Augustine of Hippo. Teaching Christianity. Translated by Edmund Hill. Hyde Park, NY: New City Press, 1996. 259 pp. $22.95.
The teaching and preaching of Scripture is a serious task. James writes in his epistle that those who teach will be held to a higher standard. Those who endeavor, then, to instruct others in the faith, ought to consider how they can best accomplish that task. Throughout the centuries of Christianity, Teaching Christianity by Saint Augustine of Hippo continues to be one of the most important works on the subject of Christian instruction.
Augustine structures his work into two parts by means of four books. The first three books make up part one, the purpose of which is to lay out what it is that needs to be understood. These things that need to be understood include the contents of faith (book one), studies having to do with the Bible (book two), and interpretation of Scripture (book three). The second part, the ways to convey these truths, consists of a discussion on how a teacher can expound upon the truths that he has learned (book four).
The focus of book one, the contents of faith, deals with several key theological beliefs, as well as principles of ethics and exegesis. In book two, Augustine explains the nature of signs, how they point to truths, and also gives extended discussion on how the biblical languages, natural sciences, and philosophy can aid in interpretation of Scripture. In book three, Augustine then discusses ambiguities that are found in Scripture that result from grammatical and metaphorical misappropriations, concluding with the seven rules of Tychonius’ interpretive model. Finally, book four begins with an explanation of why Augustine, though trained in rhetoric, does not intend to give instruction in that area. However, he does explain some of these principles, highlights some rules for Christian oratory, emphasizes prayer, and gives some additional information regarding different styles.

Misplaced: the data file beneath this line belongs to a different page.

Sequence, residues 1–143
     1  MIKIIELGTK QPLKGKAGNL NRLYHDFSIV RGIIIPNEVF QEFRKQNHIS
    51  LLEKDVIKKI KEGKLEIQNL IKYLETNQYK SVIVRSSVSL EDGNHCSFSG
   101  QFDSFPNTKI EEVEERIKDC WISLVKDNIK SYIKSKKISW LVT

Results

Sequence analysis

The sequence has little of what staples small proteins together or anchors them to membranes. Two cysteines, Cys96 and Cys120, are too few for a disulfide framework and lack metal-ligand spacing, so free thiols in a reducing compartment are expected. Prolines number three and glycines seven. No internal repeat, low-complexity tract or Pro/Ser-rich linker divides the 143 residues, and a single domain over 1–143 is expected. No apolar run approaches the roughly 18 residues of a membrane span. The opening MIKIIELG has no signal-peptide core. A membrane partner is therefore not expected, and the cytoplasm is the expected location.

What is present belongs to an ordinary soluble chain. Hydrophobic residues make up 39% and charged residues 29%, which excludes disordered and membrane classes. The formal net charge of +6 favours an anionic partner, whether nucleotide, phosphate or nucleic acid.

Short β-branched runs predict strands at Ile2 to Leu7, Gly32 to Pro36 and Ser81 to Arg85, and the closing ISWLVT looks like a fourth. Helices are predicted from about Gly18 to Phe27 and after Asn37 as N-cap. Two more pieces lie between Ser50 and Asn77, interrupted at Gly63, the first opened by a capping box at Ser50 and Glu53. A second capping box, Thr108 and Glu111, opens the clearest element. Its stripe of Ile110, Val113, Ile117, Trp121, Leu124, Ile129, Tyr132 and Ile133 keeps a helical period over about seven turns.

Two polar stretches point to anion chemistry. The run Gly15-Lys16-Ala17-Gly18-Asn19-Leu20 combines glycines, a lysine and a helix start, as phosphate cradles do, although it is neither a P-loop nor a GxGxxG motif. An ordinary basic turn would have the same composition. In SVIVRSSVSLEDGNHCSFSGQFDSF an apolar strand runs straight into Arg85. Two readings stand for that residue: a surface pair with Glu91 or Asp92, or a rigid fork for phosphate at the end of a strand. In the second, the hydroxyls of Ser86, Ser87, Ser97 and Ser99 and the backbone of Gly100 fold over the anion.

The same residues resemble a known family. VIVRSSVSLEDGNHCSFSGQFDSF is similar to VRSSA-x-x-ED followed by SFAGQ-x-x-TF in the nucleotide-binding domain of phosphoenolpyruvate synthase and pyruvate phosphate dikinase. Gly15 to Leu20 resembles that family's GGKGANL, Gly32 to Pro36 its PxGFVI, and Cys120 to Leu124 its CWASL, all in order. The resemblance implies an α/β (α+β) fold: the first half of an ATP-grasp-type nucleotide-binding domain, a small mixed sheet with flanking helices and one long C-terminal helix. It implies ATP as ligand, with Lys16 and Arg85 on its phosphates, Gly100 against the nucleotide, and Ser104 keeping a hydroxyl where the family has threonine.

The strengths in Augustine’s work abound, as one might expect given its ability to transcend time and culture and still remain relevant in this time and place. One significant strength is the clear progression of his structure. Augustine states that he has “undertaken to pass these rules on to those who are both willing and well qualified to learn” (101). He then achieves this end by beginning with doctrine, moving on to studies of the Bible, then to interpretation of the Bible, and finally to exposition and instruction. By establishing a strong foundation in the first three books, his practical applications in book four are not only valid, but also serve as the context and content for the instruction itself.